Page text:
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US watchdog says lack of oversight hampers development of Afghan forces

Afghan National Army at the Kabul Military Training Center. (U.S. Air Force photo/Tech. Sgt. Cecilio M. Ricardo Jr.)

This article was originally published by Radio Free Europe/Radio Liberty and is reprinted with permission.

A U.S. government watchdog says a lack of coordinated oversight of U.S. spending in Afghanistan has led to a waste of funds and hampered the training and development of Afghan security forces.

The Special Inspector General for Afghanistan Reconstruction (SIGAR) said in a report to Congress late on June 20 that the United States spent nearly $84 billion on Afghan forces. But SIGAR said Afghan forces continue to suffer heavy casualties, high levels of desertion, and face problems with organization and logistics.

“Security-sector assistance efforts in Afghanistan have been hindered by the lack of clear command-and-control relationships between the U.S. military and the U.S. Embassy, as well as between ministerial and tactical advising efforts,” the report said.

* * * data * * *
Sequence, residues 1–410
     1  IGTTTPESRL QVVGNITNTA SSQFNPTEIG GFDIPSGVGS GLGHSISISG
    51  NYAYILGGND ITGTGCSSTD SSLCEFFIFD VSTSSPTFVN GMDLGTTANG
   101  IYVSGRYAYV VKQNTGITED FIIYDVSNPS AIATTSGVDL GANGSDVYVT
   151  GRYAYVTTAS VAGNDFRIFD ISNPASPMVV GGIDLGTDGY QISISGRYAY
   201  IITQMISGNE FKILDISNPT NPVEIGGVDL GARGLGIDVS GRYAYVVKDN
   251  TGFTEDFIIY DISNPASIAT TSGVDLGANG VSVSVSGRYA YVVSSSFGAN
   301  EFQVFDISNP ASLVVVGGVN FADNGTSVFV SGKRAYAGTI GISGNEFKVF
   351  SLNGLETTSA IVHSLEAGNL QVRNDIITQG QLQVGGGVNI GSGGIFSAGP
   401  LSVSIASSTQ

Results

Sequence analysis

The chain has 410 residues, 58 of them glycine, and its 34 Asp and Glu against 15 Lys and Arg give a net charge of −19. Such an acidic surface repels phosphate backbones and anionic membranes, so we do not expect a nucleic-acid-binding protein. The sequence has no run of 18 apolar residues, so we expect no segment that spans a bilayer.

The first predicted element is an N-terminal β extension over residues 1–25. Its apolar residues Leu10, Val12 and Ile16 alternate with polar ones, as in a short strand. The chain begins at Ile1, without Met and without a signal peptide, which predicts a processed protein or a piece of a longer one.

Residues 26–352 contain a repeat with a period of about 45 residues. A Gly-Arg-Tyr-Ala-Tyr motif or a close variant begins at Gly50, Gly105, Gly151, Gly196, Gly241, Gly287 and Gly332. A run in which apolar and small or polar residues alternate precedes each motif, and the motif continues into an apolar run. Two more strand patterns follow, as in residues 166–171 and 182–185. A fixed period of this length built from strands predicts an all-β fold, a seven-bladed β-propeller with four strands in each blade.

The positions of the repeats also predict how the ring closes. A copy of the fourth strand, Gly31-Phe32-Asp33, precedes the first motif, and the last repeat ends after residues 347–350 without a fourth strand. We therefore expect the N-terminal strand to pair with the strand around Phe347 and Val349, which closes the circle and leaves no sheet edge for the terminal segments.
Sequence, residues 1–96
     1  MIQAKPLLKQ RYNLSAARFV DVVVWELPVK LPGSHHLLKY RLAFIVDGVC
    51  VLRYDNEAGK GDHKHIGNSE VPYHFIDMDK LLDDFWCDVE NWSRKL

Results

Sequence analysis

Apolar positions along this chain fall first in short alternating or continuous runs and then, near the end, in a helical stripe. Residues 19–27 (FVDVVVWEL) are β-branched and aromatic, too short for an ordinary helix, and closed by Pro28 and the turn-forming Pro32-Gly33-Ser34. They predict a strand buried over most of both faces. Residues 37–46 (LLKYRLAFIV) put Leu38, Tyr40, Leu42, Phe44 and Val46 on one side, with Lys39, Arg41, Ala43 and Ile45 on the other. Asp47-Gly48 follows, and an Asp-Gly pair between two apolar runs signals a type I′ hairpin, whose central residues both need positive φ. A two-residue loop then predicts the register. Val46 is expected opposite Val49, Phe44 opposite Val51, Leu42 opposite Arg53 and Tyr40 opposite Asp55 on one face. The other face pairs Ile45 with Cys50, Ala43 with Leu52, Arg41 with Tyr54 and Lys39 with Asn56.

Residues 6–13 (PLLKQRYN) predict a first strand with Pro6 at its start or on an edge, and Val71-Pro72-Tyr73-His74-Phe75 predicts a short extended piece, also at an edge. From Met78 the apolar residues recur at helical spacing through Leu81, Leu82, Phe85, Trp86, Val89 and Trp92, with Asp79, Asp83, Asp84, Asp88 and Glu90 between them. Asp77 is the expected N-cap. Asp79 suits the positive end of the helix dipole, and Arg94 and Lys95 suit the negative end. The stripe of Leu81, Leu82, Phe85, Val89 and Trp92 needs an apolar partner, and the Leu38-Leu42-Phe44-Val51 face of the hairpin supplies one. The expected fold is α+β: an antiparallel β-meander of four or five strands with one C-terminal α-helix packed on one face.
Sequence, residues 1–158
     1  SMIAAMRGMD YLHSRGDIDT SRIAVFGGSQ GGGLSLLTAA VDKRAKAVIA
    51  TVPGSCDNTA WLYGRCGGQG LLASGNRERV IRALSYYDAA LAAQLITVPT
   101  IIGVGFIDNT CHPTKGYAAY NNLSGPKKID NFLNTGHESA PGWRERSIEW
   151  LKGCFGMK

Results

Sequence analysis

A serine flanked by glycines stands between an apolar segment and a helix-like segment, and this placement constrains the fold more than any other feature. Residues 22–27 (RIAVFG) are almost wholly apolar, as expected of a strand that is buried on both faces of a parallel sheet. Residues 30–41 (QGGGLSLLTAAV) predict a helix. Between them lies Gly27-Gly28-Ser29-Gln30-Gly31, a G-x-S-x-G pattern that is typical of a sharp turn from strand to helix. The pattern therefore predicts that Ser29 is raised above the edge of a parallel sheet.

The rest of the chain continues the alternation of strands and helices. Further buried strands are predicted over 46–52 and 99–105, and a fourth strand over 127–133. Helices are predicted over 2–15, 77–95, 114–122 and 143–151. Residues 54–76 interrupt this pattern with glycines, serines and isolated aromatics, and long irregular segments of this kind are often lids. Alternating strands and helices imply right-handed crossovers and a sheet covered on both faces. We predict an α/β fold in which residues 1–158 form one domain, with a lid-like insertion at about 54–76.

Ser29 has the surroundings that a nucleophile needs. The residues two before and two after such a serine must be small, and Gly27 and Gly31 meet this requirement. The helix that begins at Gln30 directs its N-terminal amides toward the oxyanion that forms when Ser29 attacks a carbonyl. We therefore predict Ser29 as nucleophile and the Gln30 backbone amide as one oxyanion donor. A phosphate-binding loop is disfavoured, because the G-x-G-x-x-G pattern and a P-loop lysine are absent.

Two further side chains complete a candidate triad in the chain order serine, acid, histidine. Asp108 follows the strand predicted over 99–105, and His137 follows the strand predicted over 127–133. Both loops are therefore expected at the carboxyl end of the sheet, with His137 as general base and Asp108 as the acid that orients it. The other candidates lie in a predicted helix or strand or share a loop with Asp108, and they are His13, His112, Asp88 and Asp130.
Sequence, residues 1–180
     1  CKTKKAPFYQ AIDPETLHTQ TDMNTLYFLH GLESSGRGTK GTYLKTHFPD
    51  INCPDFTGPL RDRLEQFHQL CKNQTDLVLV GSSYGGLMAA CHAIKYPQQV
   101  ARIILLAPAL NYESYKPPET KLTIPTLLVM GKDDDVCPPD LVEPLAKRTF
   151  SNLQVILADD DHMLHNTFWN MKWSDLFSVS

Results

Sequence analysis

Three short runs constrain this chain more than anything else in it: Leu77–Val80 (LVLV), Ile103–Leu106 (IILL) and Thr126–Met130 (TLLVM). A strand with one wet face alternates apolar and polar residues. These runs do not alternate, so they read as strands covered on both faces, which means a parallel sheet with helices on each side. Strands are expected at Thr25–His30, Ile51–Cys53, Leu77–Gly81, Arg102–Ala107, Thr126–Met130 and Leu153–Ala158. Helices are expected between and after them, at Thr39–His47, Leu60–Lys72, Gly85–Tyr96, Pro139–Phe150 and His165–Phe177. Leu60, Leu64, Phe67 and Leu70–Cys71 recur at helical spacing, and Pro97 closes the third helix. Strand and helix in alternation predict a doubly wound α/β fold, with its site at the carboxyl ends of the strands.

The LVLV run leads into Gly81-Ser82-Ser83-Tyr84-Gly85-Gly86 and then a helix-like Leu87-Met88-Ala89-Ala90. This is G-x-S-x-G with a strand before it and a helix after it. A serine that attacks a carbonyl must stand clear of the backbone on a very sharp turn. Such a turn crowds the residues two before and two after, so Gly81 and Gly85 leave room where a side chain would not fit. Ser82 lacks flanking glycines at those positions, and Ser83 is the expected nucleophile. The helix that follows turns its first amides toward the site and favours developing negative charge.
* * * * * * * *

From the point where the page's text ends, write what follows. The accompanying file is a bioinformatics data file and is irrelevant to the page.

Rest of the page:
“This has resulted in disjointed efforts to develop” the capabilities of Afghan forces’ capabilities, it said.

The report also said that, from the start, the “security-sector assistance mission in Afghanistan lacked an enduring and comprehensive plan.” from the start.

Afghan security forces have struggled to fend off the Taliban insurgency since NATO’s combat mission ended in December 2014.

The United States has about 14,000 troops in Afghanistan. Most are serving in the NATO-led Resolute Support mission to train and advise Afghan government forces. Some U.S. troops are taking part in separate combat operations against the Taliban and other militants.

At the same time, the United States has intensified its efforts to negotiate an end to its nearly 18-year war in Afghanistan.

Zalmay Khalilzad, the U.S. envoy seeking a peace deal with the Taliban, has held several rounds of talks in Qatar with senior members of the militant group.

The sides have made progress. But the Taliban has so far rejected direct negotiations with the Western-backed Afghan government.